But Anatoly Pristavkin says that social stratification took place during the years of stagnation: The people with political privileges were able to ``steal more, take more bribes, enjoy free travel vouchers [for vacations], free use of cars.'' The rest of society, he says, ``became even poorer.''

Zaslavskaya concedes, however, that these concerns are deeply rooted.

Many people who are committed to the idea of equality that the Soviet state has been preaching for much of its existence are worried by the turn away from traditional values.

``For some reason, they're very worried that their neighbor is going to earn more tomorrow [under the new system],'' Zaslavskaya says. ``At the same time their neighbor may be stealing a lot or speculating [on the black market] today; for some reason this doesn't worry them.''

The timetable for change

Jan. 1, 1988: Sixty percent of Soviet industry moves to ``self-financing'' and cost accounting. The essence of the change is simple, says Alexander Baranov, editor of the newspaper Socialist Industry: An enterprise's income must cover its expenses. Day-to-day administration and planning will pass to the factories, while the role of central ministries and planning bodies will be limited to long-term planning. Bonuses for efficient work will increase. Inefficient enterprises will be allowed to go bankrupt. The whole of industry and agriculture should be working under the new system by the end of 1989.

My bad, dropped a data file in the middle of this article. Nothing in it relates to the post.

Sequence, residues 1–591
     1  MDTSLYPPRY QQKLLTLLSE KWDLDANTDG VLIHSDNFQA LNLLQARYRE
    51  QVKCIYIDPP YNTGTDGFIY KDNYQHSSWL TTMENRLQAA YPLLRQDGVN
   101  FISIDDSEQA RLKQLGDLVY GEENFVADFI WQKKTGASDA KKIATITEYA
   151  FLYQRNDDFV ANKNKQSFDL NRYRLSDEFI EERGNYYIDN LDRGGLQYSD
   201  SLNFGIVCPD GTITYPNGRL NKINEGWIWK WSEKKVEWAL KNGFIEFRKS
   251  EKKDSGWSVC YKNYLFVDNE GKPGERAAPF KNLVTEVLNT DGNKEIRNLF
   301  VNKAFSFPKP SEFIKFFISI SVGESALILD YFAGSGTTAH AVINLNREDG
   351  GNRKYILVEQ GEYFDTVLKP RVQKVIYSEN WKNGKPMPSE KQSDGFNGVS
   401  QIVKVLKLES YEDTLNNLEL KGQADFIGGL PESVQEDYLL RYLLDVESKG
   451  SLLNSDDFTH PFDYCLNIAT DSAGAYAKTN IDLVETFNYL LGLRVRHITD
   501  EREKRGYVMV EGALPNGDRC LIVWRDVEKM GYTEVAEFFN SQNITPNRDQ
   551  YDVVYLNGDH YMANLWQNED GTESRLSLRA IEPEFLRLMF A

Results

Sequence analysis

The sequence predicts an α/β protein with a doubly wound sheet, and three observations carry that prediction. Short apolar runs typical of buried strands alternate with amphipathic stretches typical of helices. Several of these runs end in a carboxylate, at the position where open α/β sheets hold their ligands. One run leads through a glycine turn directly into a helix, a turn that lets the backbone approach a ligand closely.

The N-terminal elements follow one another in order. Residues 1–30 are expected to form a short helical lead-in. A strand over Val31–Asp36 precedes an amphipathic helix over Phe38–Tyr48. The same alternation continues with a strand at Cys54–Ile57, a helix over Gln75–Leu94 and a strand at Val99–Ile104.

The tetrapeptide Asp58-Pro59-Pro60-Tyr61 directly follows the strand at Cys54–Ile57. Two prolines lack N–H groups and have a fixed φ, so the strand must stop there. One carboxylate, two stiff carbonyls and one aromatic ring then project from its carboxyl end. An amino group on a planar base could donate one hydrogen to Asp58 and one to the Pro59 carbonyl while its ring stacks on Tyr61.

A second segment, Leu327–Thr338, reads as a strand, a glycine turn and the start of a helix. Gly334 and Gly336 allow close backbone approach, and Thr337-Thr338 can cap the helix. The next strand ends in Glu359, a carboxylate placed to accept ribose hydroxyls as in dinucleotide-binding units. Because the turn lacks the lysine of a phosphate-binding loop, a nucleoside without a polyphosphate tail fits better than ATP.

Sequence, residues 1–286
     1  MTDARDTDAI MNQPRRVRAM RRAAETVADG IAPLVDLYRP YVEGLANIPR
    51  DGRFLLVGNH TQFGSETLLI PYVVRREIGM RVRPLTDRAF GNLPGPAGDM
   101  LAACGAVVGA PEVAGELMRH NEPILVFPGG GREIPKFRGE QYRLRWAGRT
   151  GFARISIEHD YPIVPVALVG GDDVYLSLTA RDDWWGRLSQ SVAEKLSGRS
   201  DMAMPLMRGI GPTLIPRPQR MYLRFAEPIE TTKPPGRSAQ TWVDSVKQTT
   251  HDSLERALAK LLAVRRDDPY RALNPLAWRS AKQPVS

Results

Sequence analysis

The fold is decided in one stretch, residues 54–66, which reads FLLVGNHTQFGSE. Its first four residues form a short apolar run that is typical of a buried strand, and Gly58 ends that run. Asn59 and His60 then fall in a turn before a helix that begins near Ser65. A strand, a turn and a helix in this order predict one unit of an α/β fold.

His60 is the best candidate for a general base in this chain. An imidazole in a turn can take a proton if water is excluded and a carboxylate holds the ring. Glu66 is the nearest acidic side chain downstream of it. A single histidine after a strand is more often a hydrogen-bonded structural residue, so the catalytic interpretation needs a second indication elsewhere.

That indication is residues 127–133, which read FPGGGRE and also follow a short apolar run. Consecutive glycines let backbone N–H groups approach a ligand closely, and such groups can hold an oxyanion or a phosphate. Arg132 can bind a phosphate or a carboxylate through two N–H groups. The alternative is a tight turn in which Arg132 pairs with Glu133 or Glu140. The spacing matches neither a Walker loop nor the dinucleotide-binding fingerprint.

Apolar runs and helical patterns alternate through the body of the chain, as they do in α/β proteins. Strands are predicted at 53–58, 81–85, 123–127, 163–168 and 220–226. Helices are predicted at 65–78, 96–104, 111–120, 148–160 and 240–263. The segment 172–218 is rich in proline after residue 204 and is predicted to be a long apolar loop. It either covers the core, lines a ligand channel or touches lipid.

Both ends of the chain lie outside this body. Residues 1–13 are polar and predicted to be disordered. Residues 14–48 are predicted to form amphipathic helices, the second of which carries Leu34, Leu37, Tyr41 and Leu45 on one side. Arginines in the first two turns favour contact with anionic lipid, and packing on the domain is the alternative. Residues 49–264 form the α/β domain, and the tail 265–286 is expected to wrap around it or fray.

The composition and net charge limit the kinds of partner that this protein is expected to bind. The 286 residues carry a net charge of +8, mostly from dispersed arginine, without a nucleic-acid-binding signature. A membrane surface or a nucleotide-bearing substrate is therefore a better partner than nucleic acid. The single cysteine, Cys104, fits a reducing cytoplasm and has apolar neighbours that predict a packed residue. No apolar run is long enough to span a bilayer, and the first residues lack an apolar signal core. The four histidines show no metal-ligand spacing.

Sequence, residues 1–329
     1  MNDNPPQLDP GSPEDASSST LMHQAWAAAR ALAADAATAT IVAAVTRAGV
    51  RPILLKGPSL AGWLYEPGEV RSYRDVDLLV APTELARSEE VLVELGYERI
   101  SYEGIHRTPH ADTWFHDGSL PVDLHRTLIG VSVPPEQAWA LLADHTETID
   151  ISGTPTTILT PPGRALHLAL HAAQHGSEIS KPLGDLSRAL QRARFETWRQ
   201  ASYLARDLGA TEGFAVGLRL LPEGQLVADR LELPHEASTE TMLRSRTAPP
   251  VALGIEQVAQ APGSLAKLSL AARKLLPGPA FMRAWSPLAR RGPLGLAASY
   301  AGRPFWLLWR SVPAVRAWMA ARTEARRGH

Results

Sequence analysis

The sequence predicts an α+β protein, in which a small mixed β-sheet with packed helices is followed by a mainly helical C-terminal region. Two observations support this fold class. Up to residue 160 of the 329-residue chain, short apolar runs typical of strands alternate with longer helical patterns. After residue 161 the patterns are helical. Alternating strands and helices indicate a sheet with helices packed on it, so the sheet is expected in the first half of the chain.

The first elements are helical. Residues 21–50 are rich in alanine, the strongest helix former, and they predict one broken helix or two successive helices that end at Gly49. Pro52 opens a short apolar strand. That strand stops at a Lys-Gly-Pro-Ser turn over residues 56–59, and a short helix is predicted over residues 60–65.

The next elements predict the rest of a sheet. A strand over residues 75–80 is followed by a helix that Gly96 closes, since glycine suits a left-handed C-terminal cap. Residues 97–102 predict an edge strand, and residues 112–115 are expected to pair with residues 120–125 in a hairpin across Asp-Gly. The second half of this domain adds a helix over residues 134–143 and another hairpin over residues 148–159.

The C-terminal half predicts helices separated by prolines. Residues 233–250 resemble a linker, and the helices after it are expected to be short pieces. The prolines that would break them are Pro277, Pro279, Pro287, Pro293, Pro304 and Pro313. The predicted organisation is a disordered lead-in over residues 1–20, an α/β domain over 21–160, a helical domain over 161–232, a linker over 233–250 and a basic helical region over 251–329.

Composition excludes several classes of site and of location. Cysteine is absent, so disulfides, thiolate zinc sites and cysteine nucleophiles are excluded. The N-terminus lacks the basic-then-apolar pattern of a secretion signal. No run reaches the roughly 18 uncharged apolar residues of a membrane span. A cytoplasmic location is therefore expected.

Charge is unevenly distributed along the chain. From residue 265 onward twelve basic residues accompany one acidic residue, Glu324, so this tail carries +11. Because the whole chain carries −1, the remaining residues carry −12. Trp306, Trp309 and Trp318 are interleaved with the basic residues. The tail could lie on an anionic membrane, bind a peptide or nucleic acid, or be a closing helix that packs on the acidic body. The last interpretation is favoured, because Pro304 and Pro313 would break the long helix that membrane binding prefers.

June 1988: Nineteenth conference of the Soviet Communist Party - the first since 1941, and a major link in the reform process, says Nikolai Shishlin, deputy head of the party Central Committee's propaganda department. Earlier this year, another Central Committee official noted that previous conferences had changed party statutes, launched important policies, and altered the composition of the party leadership.

After June, the timetable for change becomes less precise. Reformers say, however, that the following changes are vital:

1) Cut subsidies and reform prices. The state spends 80 billion rubles a year ($1.16 trillion, at the official rate of exchange), about 19 percent of its budget, in subsidies on food, housing, farm machinery, and other goods, according to official estimates. Meat, for example, reportedly sells for 40 percent of actual cost.

Timing: under discussion. Around 1989 or 1990, according to Abel Aganbegyan, one of Gorbachev's economic advisers. Price specialists want pricing and subsidy reforms introduced together. Otto Latsis, deputy editor of the theoretical journal Kommunist, however, feels that retail price changes - technically relatively simple, though politically very sensitive - should come first. ``I personally feel that one can't wait three years,'' he says.

Methods: under discussion. Most reform economists say the changes will come in stages. Sociologist Tatyana Zaslavskaya believes that the amount spent on subsidies should be redirected to the consumer in the form of higher wages and pensions. Retail price reform, however, has to be preceded by careful explanation and political preparation, Mr. Latsis stresses. The information program is already under way, he noted, but ``our propaganda organs don't understand very well what they're explaining.''

2) Halve the bureaucracy.

Timing: unclear. Mr. Baranov anticipates the cutback will take one to 1 years, starting probably in 1989.

Methods: natural attrition, reassignment, and retraining, according to Baranov. The government is working on provisions to ease the transition, Baranov says. These include full pay for people who are looking for new work. Reductions have already begun. The first big cut came in November 1985 with the formation of the state agricultural and industrial complex (Agroprom), which merged five ministries and cut staff by 40 percent.